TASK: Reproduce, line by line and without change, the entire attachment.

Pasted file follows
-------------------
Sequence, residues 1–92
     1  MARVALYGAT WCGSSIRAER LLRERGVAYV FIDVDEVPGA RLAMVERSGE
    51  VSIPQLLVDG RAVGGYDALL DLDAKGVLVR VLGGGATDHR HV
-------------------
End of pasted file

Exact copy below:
Sequence, residues 1–92
     1  MARVALYGAT WCGSSIRAER LLRERGVAYV FIDVDEVPGA RLAMVERSGE
    51  VSIPQLLVDG RAVGGYDALL DLDAKGVLVR VLGGGATDHR HV